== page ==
Parliamentary Constituencies Bill (Sixth sitting)

Debate between Chris Clarkson and Christian Matheson
Committee stage & Committee Debate: 6th sitting: House of Commons
Thursday 25th June 2020

(3 years, 11 months ago)

Public Bill Committees
Read Full debate Parliamentary Constituencies Act 2020 View all Parliamentary Constituencies Act 2020 Debates Read Hansard Text Read Debate Ministerial Extracts Amendment Paper: Public Bill Committee Amendments as at 25 June 2020 - (25 Jun 2020)
Christian Matheson Portrait Christian Matheson
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I am grateful for that clarity. I am less keen on formally using polling districts as building blocks—we will come to this issue when we debate a different amendment—on the basis that they lack the formality of a consulted-on review by an independent body.

I have a question for the Committee that might be within the expertise of an hon. Member or the Minister. In my constituency, I already have split wards. I share one ward with my hon. Friend the Member for Ellesmere Port and Neston (Justin Madders) and another with the hon. Member for Eddisbury (Edward Timpson). Split wards already exist, and it is not clear why there needs to be consideration of introducing them into the legislation now, if they are already possible.

Chris Clarkson Portrait Chris Clarkson (Heywood and Middleton) (Con)
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Just to answer the hon. Gentleman’s question, I believe it is more to do with the fact that his constituency is currently aligned with a set of boundaries that predate the Cheshire West and Chester authority. Should the boundary commission conduct the review, it will probably try to use the current boundaries for Cheshire West and Chester. I am sure he would agree that that would possibly lead to quite an unwieldly seat that does not contain the entire city and might go into rural areas that do not necessarily accord with the more urban parts of his constituency.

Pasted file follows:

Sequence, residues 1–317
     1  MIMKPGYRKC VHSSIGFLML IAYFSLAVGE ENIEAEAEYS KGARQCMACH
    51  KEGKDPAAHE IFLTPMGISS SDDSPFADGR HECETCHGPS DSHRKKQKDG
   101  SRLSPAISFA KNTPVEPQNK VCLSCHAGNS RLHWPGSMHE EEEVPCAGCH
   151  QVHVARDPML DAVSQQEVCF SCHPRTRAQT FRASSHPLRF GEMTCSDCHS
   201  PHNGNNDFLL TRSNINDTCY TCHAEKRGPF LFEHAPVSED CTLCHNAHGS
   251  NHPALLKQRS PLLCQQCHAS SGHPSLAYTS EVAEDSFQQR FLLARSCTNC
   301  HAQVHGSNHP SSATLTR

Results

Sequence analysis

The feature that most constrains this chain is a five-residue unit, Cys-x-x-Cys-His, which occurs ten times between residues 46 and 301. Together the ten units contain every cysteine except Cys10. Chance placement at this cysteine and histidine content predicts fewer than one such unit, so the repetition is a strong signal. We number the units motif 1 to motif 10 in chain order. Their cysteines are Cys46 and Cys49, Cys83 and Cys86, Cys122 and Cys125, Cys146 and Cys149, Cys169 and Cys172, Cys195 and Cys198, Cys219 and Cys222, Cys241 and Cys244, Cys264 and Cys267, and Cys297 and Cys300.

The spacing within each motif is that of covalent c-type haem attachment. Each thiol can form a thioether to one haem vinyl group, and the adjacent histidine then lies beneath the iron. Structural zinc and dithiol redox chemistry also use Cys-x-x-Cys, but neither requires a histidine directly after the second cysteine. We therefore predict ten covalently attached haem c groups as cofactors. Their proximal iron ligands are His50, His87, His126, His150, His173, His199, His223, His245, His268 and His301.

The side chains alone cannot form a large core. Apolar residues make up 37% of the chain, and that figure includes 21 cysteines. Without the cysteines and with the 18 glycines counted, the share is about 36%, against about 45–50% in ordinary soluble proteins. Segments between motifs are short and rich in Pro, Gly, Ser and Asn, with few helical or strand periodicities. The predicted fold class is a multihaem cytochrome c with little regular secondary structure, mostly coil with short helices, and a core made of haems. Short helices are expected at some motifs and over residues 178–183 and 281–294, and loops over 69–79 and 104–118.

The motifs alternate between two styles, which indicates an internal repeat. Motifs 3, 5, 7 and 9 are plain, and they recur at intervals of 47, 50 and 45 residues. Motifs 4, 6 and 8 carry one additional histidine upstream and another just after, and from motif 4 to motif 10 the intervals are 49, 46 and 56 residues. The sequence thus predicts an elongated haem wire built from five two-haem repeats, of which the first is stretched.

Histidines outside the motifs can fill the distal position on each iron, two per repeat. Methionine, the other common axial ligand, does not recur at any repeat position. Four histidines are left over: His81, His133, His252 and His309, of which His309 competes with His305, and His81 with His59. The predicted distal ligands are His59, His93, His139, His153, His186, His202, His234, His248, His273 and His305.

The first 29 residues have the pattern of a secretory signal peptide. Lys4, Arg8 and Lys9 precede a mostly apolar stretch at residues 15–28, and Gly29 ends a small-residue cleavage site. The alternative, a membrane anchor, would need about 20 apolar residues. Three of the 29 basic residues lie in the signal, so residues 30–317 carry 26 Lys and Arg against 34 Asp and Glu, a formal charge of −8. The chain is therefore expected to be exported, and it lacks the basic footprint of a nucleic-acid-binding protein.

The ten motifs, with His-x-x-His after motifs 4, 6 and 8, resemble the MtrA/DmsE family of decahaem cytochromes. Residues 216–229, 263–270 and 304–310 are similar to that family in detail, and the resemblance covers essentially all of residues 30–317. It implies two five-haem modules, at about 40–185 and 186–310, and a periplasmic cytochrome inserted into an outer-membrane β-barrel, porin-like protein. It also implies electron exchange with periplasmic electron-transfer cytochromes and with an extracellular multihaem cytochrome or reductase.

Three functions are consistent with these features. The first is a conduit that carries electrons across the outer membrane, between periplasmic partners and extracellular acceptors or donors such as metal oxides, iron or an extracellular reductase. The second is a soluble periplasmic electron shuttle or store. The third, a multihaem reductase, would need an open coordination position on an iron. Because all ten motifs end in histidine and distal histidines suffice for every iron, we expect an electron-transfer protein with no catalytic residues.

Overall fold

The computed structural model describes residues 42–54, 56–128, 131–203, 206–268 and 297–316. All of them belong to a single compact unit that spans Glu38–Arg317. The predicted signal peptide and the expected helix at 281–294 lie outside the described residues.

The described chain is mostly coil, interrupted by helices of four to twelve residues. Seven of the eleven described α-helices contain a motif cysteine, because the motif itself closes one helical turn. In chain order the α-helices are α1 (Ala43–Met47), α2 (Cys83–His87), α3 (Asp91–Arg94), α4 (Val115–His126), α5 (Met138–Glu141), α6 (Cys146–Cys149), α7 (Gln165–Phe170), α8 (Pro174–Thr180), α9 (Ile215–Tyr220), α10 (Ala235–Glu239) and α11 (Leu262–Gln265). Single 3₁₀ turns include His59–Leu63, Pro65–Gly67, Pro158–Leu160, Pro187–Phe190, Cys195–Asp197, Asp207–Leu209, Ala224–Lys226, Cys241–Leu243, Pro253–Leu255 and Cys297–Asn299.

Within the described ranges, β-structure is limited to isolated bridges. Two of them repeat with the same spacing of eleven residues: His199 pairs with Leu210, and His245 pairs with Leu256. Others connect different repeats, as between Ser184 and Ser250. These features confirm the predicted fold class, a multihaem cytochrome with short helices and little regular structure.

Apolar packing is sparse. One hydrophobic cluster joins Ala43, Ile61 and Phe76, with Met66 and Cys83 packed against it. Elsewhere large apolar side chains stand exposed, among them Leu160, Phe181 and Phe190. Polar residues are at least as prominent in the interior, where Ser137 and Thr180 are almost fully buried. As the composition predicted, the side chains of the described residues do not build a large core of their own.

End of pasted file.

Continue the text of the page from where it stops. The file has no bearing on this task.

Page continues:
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Christian Matheson Portrait Christian Matheson
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With the greatest of respect to the right hon. Gentleman, he is now talking about split polling districts—he is doing my head in. My head is fried. I might just jump out the window.

On the contribution of the hon. Member for Heywood and Middleton, it might be, as the right hon. Member for Elmet and Rothwell said, that previous local government boundaries were superimposed on pre-existing parliamentary boundaries. That is entirely possible. If there is some clarification, that is fine. If split wards are permissible, that may go some way towards achieving our aims. I am grateful for that contribution.

Chris Clarkson Portrait Chris Clarkson
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It is a pleasure to serve under your chairmanship, Sir David. I largely agree with my right hon. Friends the Members for Basingstoke and for Elmet and Rothwell, and thank the hon. Member for Glasgow East for his amendment. I will treat it as a probing amendment, and I shall not support it as it stands because we are still awaiting a letter from the boundary commission. My concern is that if we start prescribing units, it becomes dogma. We have seen that three of the boundary commissions are perfectly happy to start looking at innovative ways of splitting wards and treating postcode areas and community council areas as building blocks.